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Glaucoma Management

By Dr Ananya Mandal, MD

Glaucoma needs to be detected as early as possible to prevent damage to vision. The treatment aims to reduce the pressure within the affected eye. Treatment includes medications in the form of eye drops and oral pills and surgical methods.

Treatment of Chronic open angle glaucoma

Medications

Both open and closed angle glaucoma may be treated with eye drops. There are several different types of eye drops available. Eye drops are generally applied after gently pulling down the lower eyelid, holding the bottle over the eye and allowing the required number of drops to fall into the pocket of the lower lid. The eyes are then kept closed for several minutes.

Glaucoma before surgery

Those wearing contact lenses may need to discontinue them and use glasses while using eye medication. This is because the medication in the eye drops can build up in the lenses and may harm the eyes.

The different types of eye drops and pills include:-

Prostaglandin analogues

The commonly used medications are Latanoprost, Bimatoprost, Travoprost, tafluprost etc. that are prostaglandin analogues. It increases the flow of aqueous humour from the eye via the drainage networks and reduces the pressure. These eye drops are usually used once a day. Common side effects include reddening of the eyes, darker eye color, thickening and darkening of eyelashes, pain and irritation in the eyes, red and swollen rims of the eyes, dry eyes, sensitivity to light and headaches.

Beta-blockers

These reduce the intraocular pressure by slowing down the production of aqueous humour in the eyes. They are used once or twice a day. Common side effects include burning or stinging, dry eyes, itchiness in eyes etc. Commonly used drugs include betaxolol, timolol etc.

Sympathomimetics

These reduce the rate of production of aqueous humour and increase the flow of aqueous humour out of the eyes. These eye drops are used twice a day. Common side effects include red and painful sensations of the eyes and dry eyes. Drugs include brimonidine tartarate, apraclonidine etc.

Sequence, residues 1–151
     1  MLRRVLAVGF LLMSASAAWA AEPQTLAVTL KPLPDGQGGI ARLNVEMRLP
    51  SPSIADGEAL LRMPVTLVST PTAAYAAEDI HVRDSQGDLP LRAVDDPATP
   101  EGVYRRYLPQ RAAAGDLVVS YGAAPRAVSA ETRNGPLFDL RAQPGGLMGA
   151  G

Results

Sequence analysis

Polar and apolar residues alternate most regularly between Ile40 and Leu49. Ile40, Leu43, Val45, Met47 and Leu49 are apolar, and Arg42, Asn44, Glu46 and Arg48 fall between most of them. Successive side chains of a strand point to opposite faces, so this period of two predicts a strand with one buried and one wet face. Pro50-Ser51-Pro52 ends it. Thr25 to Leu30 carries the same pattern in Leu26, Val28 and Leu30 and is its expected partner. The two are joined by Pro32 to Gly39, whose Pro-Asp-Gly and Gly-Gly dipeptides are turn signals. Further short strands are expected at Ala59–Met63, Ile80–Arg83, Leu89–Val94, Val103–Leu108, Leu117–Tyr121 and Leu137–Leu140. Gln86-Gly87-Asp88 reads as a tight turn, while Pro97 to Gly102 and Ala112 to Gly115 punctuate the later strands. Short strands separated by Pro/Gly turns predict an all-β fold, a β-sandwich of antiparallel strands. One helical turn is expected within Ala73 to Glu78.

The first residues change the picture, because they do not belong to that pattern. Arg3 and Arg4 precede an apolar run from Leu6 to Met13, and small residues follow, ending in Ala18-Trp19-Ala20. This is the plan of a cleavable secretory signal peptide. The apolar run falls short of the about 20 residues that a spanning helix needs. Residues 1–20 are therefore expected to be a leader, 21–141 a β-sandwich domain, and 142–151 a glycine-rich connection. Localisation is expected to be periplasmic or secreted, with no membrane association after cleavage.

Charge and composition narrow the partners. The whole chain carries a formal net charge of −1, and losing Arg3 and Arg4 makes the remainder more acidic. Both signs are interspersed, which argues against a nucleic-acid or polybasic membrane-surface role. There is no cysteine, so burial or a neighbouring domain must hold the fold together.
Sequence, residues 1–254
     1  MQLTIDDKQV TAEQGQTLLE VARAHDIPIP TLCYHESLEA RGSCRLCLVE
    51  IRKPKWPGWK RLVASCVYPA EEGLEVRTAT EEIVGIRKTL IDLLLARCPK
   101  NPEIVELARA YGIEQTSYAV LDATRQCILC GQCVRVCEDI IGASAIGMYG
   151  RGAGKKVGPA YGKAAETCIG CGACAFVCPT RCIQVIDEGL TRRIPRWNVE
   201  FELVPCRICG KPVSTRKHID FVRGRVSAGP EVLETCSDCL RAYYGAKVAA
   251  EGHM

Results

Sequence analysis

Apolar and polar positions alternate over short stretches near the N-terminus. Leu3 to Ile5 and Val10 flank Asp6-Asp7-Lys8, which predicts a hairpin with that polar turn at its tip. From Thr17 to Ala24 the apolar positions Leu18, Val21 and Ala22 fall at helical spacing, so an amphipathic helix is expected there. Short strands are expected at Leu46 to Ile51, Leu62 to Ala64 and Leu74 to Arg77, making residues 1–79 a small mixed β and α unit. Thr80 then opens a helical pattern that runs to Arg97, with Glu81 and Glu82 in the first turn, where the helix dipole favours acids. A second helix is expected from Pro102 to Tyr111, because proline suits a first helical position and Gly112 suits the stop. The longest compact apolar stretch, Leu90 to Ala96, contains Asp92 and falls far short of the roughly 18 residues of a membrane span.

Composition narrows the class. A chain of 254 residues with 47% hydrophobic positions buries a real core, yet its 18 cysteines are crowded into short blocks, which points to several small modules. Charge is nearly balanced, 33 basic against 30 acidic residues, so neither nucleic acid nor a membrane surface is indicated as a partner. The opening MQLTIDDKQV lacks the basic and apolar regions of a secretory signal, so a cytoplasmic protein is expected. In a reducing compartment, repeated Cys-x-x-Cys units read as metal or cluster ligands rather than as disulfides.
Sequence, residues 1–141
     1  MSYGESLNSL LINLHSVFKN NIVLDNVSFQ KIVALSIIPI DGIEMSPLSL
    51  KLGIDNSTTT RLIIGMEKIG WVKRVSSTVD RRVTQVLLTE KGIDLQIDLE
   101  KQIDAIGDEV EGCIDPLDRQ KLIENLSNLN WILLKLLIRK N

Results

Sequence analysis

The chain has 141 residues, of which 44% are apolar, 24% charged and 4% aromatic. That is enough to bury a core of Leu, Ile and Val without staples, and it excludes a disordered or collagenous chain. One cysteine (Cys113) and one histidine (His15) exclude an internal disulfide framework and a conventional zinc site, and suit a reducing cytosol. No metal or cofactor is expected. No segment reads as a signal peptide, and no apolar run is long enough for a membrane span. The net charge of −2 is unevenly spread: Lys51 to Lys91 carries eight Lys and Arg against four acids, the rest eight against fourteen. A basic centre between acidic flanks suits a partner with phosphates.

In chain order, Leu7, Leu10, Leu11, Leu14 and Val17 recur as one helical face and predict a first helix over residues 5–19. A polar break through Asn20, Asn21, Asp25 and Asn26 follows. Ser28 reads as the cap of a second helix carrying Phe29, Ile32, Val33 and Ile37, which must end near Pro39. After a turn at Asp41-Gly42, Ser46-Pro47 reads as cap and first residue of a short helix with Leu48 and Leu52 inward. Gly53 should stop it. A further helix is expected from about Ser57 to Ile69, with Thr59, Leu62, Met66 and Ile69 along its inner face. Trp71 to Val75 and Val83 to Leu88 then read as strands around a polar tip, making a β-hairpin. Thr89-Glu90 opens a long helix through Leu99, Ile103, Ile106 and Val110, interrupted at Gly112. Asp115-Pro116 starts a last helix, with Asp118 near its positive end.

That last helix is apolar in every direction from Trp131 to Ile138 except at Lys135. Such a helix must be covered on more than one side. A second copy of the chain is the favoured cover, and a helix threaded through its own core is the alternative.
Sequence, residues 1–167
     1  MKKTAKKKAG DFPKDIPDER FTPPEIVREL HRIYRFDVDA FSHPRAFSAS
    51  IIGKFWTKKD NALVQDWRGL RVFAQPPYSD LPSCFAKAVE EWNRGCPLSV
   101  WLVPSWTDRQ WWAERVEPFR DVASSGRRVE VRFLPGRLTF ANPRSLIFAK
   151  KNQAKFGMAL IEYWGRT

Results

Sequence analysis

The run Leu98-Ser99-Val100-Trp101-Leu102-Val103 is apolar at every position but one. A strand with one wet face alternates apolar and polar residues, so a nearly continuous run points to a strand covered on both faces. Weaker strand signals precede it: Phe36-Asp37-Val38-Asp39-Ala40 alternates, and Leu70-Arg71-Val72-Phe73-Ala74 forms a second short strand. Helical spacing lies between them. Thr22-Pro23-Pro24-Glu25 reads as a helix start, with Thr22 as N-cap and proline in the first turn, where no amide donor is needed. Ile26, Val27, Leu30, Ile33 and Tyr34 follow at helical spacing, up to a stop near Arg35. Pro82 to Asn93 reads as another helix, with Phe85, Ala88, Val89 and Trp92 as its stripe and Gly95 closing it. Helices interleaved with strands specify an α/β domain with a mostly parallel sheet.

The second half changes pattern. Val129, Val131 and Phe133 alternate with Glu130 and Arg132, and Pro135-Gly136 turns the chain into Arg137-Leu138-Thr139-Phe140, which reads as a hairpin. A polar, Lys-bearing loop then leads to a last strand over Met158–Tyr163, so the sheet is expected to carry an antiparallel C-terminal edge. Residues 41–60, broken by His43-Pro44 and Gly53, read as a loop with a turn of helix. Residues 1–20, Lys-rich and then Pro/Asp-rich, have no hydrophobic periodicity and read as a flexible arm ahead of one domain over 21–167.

Carbonic anhydrase inhibitors

These can be prescribed as pills as well as drops. Carbonic anhydrase inhibitors reduce the amount of aqueous humour produced in the eyes. These drops are used two or three times a day. They can also be taken as twice daily pills. Oral pills contain Acetazolamide and eye drops contain dorzolamide and brinzolamide. Side effects include nausea, dry mouth, eye irritation, bitter taste etc.

Laser therapy

This treatment uses high energy beams of light that are used to open up the blocked trabecular meshwork in the angles of the eyes. A 50 μm argon laser spot is aimed at the trabecular meshwork. This is called laser trabeculoplasty. Before the procedure a local anesthetic agent is applied on the eye to prevent pain. Laser is shone through the lens and this makes small holes in the trabecular meshwork. This finally allows more fluid to drain out of the anterior chamber and reduces the intraocular pressure.

Another alternative therapy is cyclodiode laser treatment. This involves destroying some of the tissue in the eye that produces aqueous humour. This less aqueous humor is produced and this reduces the intraocular pressure. These therapies are usually quick and painless (apart from a slight pricking irritation)

Surgical therapy

Surgery is usually trabeculectomy to remove part of the trabecular meshwork to allow fluid to flow through the eye's drainage system. The procedure may be done under local or general anesthesia.

Other surgical procedures include viscocanalostomy (removal of part of the sclera to allow the fluid to filter out of the eye into the body), deep sclerectomy (implanting a tiny device inside the eye to widen the trabecular meshwork) or an aqueous shunt implant (implanting a tube device into the eye to improve drainage.

Another surgery is the canaloplasty. This is a nonpenetrating procedure utilizing microcatheter technology. A tiny cut is made into the eye to gain access to Schlemm's canal like in viscocanalostomy.  A tiny thin hollow tube or microcatheter is inserted to circumnavigate the canal around the iris, enlarging the main drainage channel and its smaller collector channels. The enlargement is done by injection of a sterile, gel-like material called viscoelastic. The microcatheter is then removed and a suture is placed within the canal and tightened.

Glaucoma after surgery

Treatment of acute angle closure glaucoma

This condition develops rapidly and needs emergency and urgent treatment to prevent loss of vision. Treatment involves use of eye drops (similar to those used in open angle glaucoma), oral pills and injections to reduce the pressure inside the eyes and laser and surgical therapy.

Medications are similar as those used in open angle glaucoma. Other agents include miotics. Acute angle-closure glaucoma may also be treated with miotics such as pilocarpine. Miotics work by opening up the blocked trabecular meshwork by contracting the pupils. These may be prescribed for up to four times a day. These may cause side effects such as burning, itching eyes, blurred vision, headache etc.

Laser therapy usually involves laser iridotomy that uses laser to create holes in the iris to open the angle and enable fluid to flow. Both the eyes may need to be treated, even if only one has acute angle-closure glaucoma. This is because both eyes are susceptible. YAG laser peripheral iridotomy (LPI) may be used in patients susceptible to or affected by angle closure glaucoma or pigment dispersion syndrome. As surgical therapy a trabeculectomy is performed to remove part of the drainage tubes.

Reviewed by , BA Hons (Cantab)

Further Reading

Last Updated: Jan 9, 2013

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